Andromeda trial failure spells likely end of company

pharmaceuticals

Clal Biotechnology's share price fell 20% following publication of the juvenile diabetes treatment results.

The latest chapter in the story of biomedical company Andromeda was revealed today, and it is not a positive one. The company's advanced clinical trial of DiaPep277, the drug it developed for treatment of juvenile diabetes, was a failure. Clal Biotechnology Industries Ltd. (TASE: CBI), Andromeda's former parent company, controlled by Len Blavatnik, reported the result to the Tel Aviv Stock Exchange (TASE), because it has an option to buy the company back from US company Hyperion.

This option is still valid, although, given the negative trial results, Clal Biotechnology appears unlikely to exercise it. In its report yesterday, Clal Biotechnology noted that initial results had been obtained from the trial indicating that the main target had not been achieved. The report added that Clal Biotechnology would evaluate the trial data and make a decision about exercising its option by September 30. The Clal Biotechnology share price plunged 20% in trading following the report. Clal Biotechnology, managed by CEO Ruben Krupik, who recently announced his intention to resign, has a NIS 390 million market cap.

Clal Biotechnology is a holding company in life sciences and medical technology. Its main portfolio companies are Gamida Cell, MediWound Ltd. (Nasdaq:MDWD), and CureTech. The Phase III trial of Andromeda's drug was conducted after the drug already appeared to be a hopeless case with no future. The history of DiaPep277 began when Clal Biotechnology and Teva Pharmaceutical Industries Ltd. (NYSE: TEVA; TASE: TEVA) owned the rights to the drug, after Teva invested tens of millions of dollars in its development over the years. In 2014, however, Teva decided to waive its rights, and sold them back to Clal Biotechnology. Several days later, it appeared that Clal Biotechnology had made the deal of a lifetime, when it announced that Andromeda had been sold to Hyperion in a deal that could have amounted to $570 million, while the immediate proceeds for Clal Biotechnology were $20 million in cash.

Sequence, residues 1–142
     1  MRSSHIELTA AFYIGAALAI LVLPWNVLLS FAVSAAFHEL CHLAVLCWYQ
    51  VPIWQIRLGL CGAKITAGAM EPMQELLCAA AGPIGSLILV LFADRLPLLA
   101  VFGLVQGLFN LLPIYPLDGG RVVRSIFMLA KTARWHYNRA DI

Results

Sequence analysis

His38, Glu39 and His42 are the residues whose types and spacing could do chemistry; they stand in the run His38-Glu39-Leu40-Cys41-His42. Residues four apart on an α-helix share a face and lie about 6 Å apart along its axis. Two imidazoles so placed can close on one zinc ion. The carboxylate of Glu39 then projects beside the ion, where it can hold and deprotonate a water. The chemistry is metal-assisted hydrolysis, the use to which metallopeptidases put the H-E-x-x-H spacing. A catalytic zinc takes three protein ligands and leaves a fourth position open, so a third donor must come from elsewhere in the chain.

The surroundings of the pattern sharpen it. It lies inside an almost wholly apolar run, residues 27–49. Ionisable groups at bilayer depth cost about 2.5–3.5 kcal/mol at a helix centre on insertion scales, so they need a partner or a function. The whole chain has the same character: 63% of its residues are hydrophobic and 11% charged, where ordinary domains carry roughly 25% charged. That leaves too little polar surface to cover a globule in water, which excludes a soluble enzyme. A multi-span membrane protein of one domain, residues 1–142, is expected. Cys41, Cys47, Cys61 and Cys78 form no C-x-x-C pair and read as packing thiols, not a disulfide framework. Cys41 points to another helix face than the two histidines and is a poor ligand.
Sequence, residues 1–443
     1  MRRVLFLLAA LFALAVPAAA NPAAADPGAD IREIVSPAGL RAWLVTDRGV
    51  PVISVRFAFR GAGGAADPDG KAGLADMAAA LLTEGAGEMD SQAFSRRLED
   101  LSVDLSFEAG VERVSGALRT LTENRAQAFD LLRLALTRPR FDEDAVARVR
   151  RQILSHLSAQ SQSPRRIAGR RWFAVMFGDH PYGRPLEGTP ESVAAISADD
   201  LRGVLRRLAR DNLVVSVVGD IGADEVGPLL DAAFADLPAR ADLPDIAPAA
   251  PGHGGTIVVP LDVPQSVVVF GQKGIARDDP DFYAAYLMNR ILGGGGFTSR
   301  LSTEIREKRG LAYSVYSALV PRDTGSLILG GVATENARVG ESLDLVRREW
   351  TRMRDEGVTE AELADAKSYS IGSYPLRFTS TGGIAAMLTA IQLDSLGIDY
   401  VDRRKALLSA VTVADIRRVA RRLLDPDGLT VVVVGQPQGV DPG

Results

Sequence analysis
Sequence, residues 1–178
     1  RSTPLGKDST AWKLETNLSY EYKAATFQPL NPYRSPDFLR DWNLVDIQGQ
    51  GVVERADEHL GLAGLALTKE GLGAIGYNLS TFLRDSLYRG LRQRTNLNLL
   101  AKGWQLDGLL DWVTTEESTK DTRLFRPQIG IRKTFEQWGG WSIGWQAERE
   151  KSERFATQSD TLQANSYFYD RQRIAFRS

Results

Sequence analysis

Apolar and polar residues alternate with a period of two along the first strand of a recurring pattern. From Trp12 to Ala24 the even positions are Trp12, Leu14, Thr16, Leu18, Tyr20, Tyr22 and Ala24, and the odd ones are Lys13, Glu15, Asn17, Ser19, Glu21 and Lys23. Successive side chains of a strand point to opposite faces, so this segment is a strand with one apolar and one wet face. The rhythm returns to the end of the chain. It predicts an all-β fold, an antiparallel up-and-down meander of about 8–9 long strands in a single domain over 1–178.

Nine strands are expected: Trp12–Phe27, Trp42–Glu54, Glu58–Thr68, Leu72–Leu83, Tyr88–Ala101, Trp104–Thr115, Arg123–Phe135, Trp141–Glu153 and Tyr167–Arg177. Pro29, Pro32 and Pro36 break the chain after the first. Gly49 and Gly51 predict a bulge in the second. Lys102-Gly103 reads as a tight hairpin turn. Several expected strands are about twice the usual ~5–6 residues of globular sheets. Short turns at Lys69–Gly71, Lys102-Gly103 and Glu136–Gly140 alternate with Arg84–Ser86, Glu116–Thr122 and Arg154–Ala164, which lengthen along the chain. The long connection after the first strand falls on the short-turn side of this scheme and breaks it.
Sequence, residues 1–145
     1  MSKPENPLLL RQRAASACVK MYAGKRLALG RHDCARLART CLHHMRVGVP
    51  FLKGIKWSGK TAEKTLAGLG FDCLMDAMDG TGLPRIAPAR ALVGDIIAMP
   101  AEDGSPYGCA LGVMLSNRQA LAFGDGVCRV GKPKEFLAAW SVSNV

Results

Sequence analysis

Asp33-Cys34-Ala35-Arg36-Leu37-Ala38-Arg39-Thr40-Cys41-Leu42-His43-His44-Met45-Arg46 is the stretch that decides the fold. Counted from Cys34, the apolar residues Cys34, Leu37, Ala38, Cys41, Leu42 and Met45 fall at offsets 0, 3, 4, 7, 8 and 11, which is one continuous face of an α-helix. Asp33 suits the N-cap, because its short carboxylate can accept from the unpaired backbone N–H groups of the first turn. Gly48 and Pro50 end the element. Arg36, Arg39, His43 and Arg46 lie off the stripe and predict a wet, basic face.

Several months later, after Clal Biotechnology had already recognized a NIS 482 million profit on the sale, Hyperion stunned Clal Biotechnology and the entire market by unilaterally announced the cancellation of the deal and accusing Andromeda employees of slanting the clinical trial results. "I have never seen such fraud," Hyperion CEO Donald Santel said. Clal Biotechnology, which was very anxious about the damage to its reputation, countersued Hyperion. The parties eventually resumed their contacts, and Hyperion retracted its accusations of fraud, alleging "Good Clinical Practice violations" instead, and several months ago, another clinical trial of the drug financed by Hyperion was agreed, while Clal Biotechnology received an option to buy back Andromeda. While this was happening, Hyperion itself was sold, generating a capital gain for Clal Biotechnology, which received Hyperion shares in the Andromeda deal. An external committee examined the trial, which has now ended in failure.

Despite Clal Biotechnology's disappointment, it does not appear that the company has suffered financially from the deal. Before Hyperion entered the picture, Teva financed most of the development, while Hyperion footed the bill afterwards. It is estimated that over $100 million has been invested in the product, more than half by Hyperion. As a result of its agreement with Hyperion, Clal Biotechnology has even made a $20 million profit on the venture. At the same time, it is clear that after so many years of development, Clal Biotechnology would have preferred to see a successful product sold in the market, especially in view of the great potential in the market for treating juvenile diabetes. Beyond the financial aspect, it is clear that the Hyperion-Andromeda affair was embarrassing for Clal Biotechnology, and did not contribute to its reputation.

Clal Biotechnology's image has suffered, even if the company has never been accused of fraud. At the same time, Andromeda and DiaPep277 have always been featured in Clal Biotechnology's portfolio, which in retrospect has proven to be a problem. What will happen now to the product and the company's employees? As of now, Andromeda's employees are part of Hyperion, which was acquired by Horizon Pharma. Clal Biotechnology has an option to repurchase Andromeda, for which it paid $2.5 million, with the maximum amount to be paid to Hyperion being $36.5 million. In the current format, it appears that there is no justification for continuing development of the drug, but Clal Biotechnology will assess the complete statistical data from the trial, and decide what to do, and whether further investment is justified. It is possible, for example, that the data will indicate that the drug is more suitable for certain age groups.

Published by Globes [online], Israel business news - www.globes-online.com - on September 3, 2015

© Copyright of Globes Publisher Itonut (1983) Ltd. 2015

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